A year later, the programs began to be provided on disk, so a disk system was needed. Some schools ordered complete drive units from companies in the USA because SEP was lagging with the delivery of the systems. Once again, history started to repeat itself with this project. Schools were left with the economic burden of building appropriate rooms for the systems with little or no help from government agencies. The Micro-SEP 1600 started to fade away into obscurity as the "industry standard" IBM PC Compatible started to make its way into the educational arena. More information on the 1600 will need be studied on a separate article dedicated in its entirety to this "CoCo relative".
The later period for the 6809 based MicroSEPs found a complete clone of the CoCo 3 introduced by SEP as the MicroSEP Model 3. This is an exact copy of the CoCo 3 bit by bit except of the boot legend that includes a color character banner along with some text on ILCE. The copyright still points to Microsoft. This was the last computer in the MicroSEP line that used the 6809 and also marked a change in SEP's way of identifying these computers as the 1600 was re-named either the MicroSEP Model 1 (same as 1600) and the Model 2, a 64k CoCo 2 clone rarely seen because the Model 3 was already shipping.
A company in Mexico, linked to Radio Shack, called Texatron was responsible of the "introduction" of these CoCo clones into Mexico; seemingly the computers were brought unassembled and workers in Mexico built the final units. The software was programmed by students of the IPN, and as stated above, it was entirely graphics based except for some initial menu screens; no software produced for this line of computers ever used the enhanced capabilities of the MicroSEP Model 3 (CoCo 3 clone) except for the speedup poke.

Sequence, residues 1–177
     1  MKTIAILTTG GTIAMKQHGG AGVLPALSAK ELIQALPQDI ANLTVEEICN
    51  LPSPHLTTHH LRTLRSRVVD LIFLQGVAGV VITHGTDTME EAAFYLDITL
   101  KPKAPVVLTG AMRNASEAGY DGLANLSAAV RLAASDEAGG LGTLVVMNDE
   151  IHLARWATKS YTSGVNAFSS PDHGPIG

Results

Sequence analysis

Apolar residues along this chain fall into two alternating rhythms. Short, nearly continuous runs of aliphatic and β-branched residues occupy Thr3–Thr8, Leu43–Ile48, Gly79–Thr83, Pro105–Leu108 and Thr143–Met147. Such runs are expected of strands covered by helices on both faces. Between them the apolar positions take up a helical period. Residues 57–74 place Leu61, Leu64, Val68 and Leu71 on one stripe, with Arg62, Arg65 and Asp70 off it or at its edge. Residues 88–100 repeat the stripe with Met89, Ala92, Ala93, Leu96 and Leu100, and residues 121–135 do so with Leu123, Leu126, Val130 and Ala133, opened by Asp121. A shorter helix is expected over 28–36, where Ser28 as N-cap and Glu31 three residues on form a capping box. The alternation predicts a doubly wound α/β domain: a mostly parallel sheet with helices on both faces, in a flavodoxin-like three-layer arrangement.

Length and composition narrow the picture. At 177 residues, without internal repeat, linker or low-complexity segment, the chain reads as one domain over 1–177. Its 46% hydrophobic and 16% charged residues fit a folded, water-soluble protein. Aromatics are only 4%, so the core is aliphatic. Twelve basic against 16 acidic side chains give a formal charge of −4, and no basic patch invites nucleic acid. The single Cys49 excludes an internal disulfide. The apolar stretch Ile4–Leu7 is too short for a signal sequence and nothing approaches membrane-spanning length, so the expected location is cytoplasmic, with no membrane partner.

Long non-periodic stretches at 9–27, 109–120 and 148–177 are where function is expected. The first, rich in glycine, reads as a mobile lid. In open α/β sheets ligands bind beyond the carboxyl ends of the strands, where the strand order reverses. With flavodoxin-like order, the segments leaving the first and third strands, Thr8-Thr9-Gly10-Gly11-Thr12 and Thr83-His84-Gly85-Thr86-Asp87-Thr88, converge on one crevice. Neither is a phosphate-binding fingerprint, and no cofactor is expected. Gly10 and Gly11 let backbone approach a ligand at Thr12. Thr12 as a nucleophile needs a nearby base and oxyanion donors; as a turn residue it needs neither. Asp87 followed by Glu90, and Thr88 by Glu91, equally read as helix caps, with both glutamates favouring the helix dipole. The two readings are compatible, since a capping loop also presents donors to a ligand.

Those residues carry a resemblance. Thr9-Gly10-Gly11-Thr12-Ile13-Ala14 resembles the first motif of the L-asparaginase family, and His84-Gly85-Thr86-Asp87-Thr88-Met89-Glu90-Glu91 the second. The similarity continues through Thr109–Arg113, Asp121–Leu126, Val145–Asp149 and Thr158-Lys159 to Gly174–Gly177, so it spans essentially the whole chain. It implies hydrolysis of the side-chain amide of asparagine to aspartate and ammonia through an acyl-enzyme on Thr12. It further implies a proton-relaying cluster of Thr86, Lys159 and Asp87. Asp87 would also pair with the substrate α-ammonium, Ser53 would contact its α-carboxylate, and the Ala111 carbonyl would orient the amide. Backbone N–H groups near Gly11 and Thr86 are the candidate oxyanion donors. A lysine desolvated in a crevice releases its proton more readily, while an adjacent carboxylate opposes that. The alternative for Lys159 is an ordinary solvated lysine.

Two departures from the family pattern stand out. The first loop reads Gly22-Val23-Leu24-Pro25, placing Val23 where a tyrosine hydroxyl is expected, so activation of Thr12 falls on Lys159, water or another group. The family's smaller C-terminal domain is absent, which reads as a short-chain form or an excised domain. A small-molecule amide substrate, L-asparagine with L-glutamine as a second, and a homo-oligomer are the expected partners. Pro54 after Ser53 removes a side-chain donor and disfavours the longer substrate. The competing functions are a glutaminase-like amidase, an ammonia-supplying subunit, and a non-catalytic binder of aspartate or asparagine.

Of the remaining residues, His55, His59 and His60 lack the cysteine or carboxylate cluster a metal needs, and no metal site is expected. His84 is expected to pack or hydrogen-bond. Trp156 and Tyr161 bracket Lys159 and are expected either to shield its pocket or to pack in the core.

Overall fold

The one personal computer that did had a more widespread market was the Commodore 64. Several clubs and private institutes, like the Galileo Institute offered courses on math, science and Basic programming and had quite a response from the average person. Meanwhile, in the USA the 80XX and 80XXX based PC's were standard, a thing that couldn't be replicated in Mexico because of Customs and government restrictions on equipment importation. As soon as the outdated laws started to get changed, the PC slowly started to set aside all the "smaller" systems currently in use.